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Sunfish Worlds- Day 1- lots of equipment failures


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2 minutes ago, NYBOZO1 said:

That is what I am wondering............

 

I would think so given how sequential all of the sail numbers are

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I think they are all charter boats that will be sold off after the event.

 

Looks like the class associations concerns with the Portuguese build boats might be coming true, unless of course it’s a very high wind event .

Either way it’s a shame as these boats will be a large proportion of the new boats going into the USA market . 

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31 minutes ago, Admiral Hornblower said:

I didn't know is was possible to get redress for equipment failures, does that mean if my mast breaks in a race, and I have to retire I can get redress?

At this regatta, all of the boats are brand new boats chartered from Sunfish Direct. You are not allowed to use your own boat. In these circumstances you can claim redress if here is an equipment failure.

No, you can't claim redress if your mast breaks when sailing your own boat.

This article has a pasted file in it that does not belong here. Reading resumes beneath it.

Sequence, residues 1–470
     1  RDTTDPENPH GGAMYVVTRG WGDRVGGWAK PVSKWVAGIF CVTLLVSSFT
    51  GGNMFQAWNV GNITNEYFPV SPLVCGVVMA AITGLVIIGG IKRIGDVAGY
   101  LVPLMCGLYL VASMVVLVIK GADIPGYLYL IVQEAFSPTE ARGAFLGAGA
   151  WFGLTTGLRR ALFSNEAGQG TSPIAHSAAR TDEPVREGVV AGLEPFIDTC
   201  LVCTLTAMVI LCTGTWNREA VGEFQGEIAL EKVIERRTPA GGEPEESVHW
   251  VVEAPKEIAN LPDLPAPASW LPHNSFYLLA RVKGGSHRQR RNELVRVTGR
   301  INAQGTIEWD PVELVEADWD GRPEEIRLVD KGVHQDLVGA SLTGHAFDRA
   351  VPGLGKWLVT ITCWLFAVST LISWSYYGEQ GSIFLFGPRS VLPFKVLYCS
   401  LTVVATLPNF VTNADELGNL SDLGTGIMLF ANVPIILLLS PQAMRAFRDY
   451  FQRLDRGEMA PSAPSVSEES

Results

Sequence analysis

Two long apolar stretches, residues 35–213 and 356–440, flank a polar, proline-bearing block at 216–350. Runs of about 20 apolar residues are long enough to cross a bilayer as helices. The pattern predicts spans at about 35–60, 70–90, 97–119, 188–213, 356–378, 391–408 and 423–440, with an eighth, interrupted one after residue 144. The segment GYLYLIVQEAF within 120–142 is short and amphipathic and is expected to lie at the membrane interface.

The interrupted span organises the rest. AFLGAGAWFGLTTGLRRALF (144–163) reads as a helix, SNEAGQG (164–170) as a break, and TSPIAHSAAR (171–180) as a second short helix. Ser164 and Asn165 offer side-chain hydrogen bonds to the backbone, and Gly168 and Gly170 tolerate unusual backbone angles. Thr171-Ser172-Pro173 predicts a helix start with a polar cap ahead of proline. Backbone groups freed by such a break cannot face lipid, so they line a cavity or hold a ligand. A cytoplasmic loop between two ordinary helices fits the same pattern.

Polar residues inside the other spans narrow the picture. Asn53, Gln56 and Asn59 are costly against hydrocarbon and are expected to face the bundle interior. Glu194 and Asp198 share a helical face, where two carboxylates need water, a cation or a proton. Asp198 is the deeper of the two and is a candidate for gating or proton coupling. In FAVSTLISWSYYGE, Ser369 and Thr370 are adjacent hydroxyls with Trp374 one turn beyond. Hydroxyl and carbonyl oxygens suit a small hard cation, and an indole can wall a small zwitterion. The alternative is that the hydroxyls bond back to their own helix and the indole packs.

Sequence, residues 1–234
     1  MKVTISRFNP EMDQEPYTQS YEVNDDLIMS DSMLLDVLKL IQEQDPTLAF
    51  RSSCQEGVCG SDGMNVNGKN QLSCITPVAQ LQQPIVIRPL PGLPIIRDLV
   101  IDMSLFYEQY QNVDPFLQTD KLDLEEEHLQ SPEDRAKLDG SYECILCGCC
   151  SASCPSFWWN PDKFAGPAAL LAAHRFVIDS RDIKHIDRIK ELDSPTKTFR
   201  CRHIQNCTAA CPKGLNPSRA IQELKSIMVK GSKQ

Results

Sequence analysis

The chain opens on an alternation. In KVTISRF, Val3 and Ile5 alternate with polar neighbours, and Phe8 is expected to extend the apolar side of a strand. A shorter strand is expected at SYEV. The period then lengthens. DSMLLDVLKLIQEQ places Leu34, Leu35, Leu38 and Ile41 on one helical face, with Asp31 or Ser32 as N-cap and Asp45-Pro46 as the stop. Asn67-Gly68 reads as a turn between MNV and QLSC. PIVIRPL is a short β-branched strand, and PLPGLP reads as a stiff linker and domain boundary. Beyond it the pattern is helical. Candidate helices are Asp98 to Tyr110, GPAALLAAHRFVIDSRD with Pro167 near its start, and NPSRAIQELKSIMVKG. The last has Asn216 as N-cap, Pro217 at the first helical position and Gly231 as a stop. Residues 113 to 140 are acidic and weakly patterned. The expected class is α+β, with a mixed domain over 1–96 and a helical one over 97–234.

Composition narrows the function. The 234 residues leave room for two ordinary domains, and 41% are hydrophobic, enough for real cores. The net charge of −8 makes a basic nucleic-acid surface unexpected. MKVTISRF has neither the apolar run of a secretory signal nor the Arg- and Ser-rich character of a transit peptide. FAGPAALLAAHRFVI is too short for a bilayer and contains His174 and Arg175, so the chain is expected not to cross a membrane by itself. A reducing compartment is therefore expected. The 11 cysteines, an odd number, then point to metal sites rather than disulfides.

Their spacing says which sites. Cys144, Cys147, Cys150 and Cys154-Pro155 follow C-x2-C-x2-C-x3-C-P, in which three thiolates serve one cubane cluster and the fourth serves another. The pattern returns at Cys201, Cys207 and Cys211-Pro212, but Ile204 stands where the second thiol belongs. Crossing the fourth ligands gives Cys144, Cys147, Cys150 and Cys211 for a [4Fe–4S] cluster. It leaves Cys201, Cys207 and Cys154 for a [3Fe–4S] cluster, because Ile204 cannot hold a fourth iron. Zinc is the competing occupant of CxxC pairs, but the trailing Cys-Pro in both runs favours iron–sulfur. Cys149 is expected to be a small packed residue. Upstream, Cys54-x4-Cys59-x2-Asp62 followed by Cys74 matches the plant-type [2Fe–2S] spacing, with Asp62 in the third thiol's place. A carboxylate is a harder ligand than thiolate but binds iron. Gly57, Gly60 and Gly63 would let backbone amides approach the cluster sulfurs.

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52 minutes ago, Admiral Hornblower said:

I didn't know is was possible to get redress for equipment failures, does that mean if my mast breaks in a race, and I have to retire I can get redress?

Not necessarily. It usually has to be due to something that you didn't do. For example somebody fouled you and broke a part of your boat, or in this case boats are supplied to you and they are supposed to be at a certain minimum of preparation for the charterers. If you flip over in a regatta and bend a mast, that's your fault and you won't (or shouldn't) get redress.

I see now that @tillerman covered this but I can't delete the post

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7 hours ago, WCB said:

Are these LP supplied boats?

Yes, if that hasn't become clear by now.

Among others, problems with the traveler/bridle tearing off the deck

Boom blocks coming off

Wind was strong, gusting into the mid-twenties, but Sunfishes should be able to handle that without issues.